This article is going to walk through using a docker image to CI little modules on Circle CI and Travis CI - tl;dr just copy the appropriate config files for your choice of CI and modify for system dependencies.

The major benefit of using the image is speed and an ancillary benefit is the module can be tested against the latest rakudo build plus regression tested against whatever tags you find in the tonyodell/rakudo-nightly repo.

## Docker

In the event that you're unfamiliar with docker: docker falls somewhere between a jail and virtual machine.  You don't really need to know much about docker to follow along and the options used to make certain things work a certain way will be explained the situations below.

For the rest of the tutorial we'll use this repo for rakudo nightly.

## Travis CI

language: minimal

services: docker

before_install:
- docker pull tonyodell/rakudo-nightly:latest

script:
- docker run
-v $(pwd):/tmp/test:rw -w /tmp/test tonyodell/rakudo-nightly:latest bash -c 'apt update; apt install -y ca-certificates; zef install -v --deps-only . && zef test .'  ### language: minimal Usually in travis-ci we'd use language: perl6 as it's been available for quite some time. Because we're using a prefab image and don't want to build rakudo on every CI cycle, we don't need much on the host so we'll stick with the minimal image. ### services: docker Let Travis know we want to use docker on this run. ### before_install: [ docker pull .. ] Pull down a recent image of rakudo-nightly so we can test inside of the container later. If you need a specific version of rakudo-nightly then this is the first of two places to change the tag. Multiple versions can be pulled here; perhaps testing against a nightly and a known supported release. ### script: [ docker run .. ] ... -v$(pwd):/tmp/test:rw ...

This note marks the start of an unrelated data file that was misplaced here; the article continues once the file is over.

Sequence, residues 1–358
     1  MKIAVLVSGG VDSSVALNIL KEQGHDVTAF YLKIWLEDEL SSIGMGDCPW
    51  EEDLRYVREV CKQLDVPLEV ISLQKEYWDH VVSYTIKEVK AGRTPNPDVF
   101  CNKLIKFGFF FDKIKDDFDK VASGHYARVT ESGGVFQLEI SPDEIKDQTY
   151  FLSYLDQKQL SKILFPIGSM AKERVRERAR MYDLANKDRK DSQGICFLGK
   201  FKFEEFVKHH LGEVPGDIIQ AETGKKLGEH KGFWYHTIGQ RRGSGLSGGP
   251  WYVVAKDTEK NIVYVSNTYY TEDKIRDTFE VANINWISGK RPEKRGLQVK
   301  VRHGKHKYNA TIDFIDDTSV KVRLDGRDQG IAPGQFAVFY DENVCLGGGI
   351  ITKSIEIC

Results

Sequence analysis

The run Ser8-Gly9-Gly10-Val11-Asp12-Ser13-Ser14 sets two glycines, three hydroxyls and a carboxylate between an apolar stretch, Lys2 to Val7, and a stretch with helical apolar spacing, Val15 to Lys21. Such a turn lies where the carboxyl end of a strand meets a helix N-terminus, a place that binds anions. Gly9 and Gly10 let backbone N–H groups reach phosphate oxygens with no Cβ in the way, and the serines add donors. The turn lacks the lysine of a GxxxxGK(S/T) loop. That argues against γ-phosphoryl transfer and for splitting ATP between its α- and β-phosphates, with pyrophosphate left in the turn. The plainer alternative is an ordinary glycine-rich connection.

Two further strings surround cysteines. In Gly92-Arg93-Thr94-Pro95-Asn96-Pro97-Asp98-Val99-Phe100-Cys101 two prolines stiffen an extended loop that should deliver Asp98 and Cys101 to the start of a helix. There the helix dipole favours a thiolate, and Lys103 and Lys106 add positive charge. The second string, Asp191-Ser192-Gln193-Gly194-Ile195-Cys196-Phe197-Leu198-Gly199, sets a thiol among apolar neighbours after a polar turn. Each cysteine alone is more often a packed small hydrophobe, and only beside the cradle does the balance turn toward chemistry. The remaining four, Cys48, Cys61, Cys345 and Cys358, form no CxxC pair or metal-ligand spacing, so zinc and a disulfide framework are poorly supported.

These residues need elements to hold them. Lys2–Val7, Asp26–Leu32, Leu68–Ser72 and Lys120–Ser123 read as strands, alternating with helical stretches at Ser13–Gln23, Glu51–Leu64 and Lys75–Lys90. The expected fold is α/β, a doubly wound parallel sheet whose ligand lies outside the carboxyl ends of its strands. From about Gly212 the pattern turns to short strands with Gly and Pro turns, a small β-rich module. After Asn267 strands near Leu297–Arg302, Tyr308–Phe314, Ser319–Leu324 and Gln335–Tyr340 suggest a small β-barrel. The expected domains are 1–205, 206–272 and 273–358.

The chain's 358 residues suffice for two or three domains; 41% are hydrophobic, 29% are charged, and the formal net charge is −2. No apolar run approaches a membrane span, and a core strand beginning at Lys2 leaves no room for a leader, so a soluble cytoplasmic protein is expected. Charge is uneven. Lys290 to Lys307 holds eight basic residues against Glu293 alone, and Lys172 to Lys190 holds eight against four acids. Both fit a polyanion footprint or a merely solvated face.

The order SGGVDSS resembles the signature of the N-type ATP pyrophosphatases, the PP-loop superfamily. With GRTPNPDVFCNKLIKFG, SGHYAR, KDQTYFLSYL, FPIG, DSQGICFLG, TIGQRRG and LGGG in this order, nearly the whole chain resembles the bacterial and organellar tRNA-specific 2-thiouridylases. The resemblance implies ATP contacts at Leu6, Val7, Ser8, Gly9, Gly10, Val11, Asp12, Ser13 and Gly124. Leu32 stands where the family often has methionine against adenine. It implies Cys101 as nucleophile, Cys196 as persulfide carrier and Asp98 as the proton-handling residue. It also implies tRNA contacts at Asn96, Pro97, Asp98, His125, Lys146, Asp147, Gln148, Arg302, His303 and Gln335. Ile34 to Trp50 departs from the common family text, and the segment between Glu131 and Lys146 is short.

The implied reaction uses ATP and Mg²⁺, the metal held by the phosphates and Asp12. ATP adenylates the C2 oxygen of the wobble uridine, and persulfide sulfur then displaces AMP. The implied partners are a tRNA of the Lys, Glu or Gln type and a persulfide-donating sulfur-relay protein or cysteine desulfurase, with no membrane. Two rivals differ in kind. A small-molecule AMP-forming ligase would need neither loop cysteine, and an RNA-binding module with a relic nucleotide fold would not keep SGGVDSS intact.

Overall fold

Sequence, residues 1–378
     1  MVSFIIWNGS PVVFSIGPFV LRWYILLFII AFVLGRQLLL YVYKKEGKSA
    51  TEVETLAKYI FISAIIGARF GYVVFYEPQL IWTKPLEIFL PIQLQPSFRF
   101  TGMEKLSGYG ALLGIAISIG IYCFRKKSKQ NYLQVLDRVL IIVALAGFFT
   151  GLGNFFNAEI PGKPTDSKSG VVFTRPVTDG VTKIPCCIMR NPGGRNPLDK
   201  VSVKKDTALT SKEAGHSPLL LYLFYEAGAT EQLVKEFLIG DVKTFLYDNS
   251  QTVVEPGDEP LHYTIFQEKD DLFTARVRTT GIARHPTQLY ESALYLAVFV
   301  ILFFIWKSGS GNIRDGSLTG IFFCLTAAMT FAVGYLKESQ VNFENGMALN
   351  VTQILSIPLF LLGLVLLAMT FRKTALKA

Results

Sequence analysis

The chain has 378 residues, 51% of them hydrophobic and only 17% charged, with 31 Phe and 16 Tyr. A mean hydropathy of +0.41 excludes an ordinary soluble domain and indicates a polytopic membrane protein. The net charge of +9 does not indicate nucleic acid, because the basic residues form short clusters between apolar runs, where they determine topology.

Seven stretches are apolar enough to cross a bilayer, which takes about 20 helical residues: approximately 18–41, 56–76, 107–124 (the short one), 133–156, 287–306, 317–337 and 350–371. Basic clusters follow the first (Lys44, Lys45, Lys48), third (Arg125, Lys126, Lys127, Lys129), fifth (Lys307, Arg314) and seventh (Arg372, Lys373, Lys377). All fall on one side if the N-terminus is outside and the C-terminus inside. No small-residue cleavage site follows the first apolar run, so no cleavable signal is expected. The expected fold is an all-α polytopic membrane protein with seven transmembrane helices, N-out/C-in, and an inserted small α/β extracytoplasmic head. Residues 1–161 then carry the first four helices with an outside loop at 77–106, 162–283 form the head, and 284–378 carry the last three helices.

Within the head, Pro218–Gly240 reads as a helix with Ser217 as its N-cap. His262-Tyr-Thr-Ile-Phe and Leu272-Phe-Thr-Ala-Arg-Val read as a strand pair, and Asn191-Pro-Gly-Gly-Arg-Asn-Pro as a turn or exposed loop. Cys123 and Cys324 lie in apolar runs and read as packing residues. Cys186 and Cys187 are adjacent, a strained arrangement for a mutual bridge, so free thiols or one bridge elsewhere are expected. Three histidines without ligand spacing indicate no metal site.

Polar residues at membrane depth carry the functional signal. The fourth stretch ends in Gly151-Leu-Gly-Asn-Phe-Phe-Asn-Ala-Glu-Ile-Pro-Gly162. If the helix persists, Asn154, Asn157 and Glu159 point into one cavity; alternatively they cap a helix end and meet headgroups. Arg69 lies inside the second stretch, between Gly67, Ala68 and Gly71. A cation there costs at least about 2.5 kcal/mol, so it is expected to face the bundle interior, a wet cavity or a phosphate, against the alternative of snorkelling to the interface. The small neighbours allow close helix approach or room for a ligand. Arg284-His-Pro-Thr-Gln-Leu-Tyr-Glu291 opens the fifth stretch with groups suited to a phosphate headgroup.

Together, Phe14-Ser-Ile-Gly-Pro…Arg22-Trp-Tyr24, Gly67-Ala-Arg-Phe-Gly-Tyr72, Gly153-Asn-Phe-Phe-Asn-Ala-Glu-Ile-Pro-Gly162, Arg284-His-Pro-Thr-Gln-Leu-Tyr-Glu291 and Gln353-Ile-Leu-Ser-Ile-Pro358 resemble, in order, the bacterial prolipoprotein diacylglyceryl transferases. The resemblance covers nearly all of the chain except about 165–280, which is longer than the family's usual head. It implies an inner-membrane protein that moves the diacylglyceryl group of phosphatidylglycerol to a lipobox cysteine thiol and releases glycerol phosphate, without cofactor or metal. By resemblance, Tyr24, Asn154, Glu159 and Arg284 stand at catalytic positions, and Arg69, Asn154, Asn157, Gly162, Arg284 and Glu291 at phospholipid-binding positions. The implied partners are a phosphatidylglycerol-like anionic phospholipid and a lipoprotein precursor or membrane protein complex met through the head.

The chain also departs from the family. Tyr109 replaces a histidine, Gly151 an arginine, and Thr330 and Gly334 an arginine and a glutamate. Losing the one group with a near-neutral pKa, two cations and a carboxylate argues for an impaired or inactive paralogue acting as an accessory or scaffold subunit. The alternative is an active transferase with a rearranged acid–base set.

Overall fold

This will mount the current directory as /tmp/test read/writeable to the container.  The \$(pwd) works in this case as Travis takes care of putting us into the repository's checkout directory before we get to this point.

... -w /tmp/test ...

Sets the working directory for whatever it is we're about to do, in this case we're doing this here so we don't need to cd anywhere or use long paths once we start testing.

... tonyodell/rakudo-nightly:latest bash -c ...

This is the second place to change the tag if you want to use a specific nightly for testing.  Check out the repo under the Docker heading above for a list of available tags.

The rest of this is fairly straightforward.  Update apt, install the ca-certificates package so curl can store the ca certs while updating zef mirrors (if you need system level dependencies like libcsv or whatever else then this is the place to install them), install the dependencies in the META6.json for the module, and then test the module.

It's as easy as that, now your Travis test builds should take far less time.  The Bench module ran CI in a little over a minute compared to around five and a half minutes.  It ran in 50s when fully optimized for that module.

## Circle CI

version: 2
jobs:
build:
docker:
- image: tonyodell/rakudo-nightly:latest

working_directory: ~

steps:
- checkout
- run:
name: install build deps
command: |
apt install -y libsqlite3-dev
zef install --deps-only .
- run:
name: test
command: |
zef test .

Circle CI is a little more straight forward because it runs the checkout and commands directly inside of your container.  The example above is letting circle know that you'd like to use the rakudo-nightly to test, installing dependencies using apt (because this image is based upon Ubuntu), installing dependencies, and then finally testing your module.

If you have questions, find anything broken, or would like more topics covered around testing modules with travis or circle (or ??) with docker, feel free to hit me up in freenode#perl6 @tony-o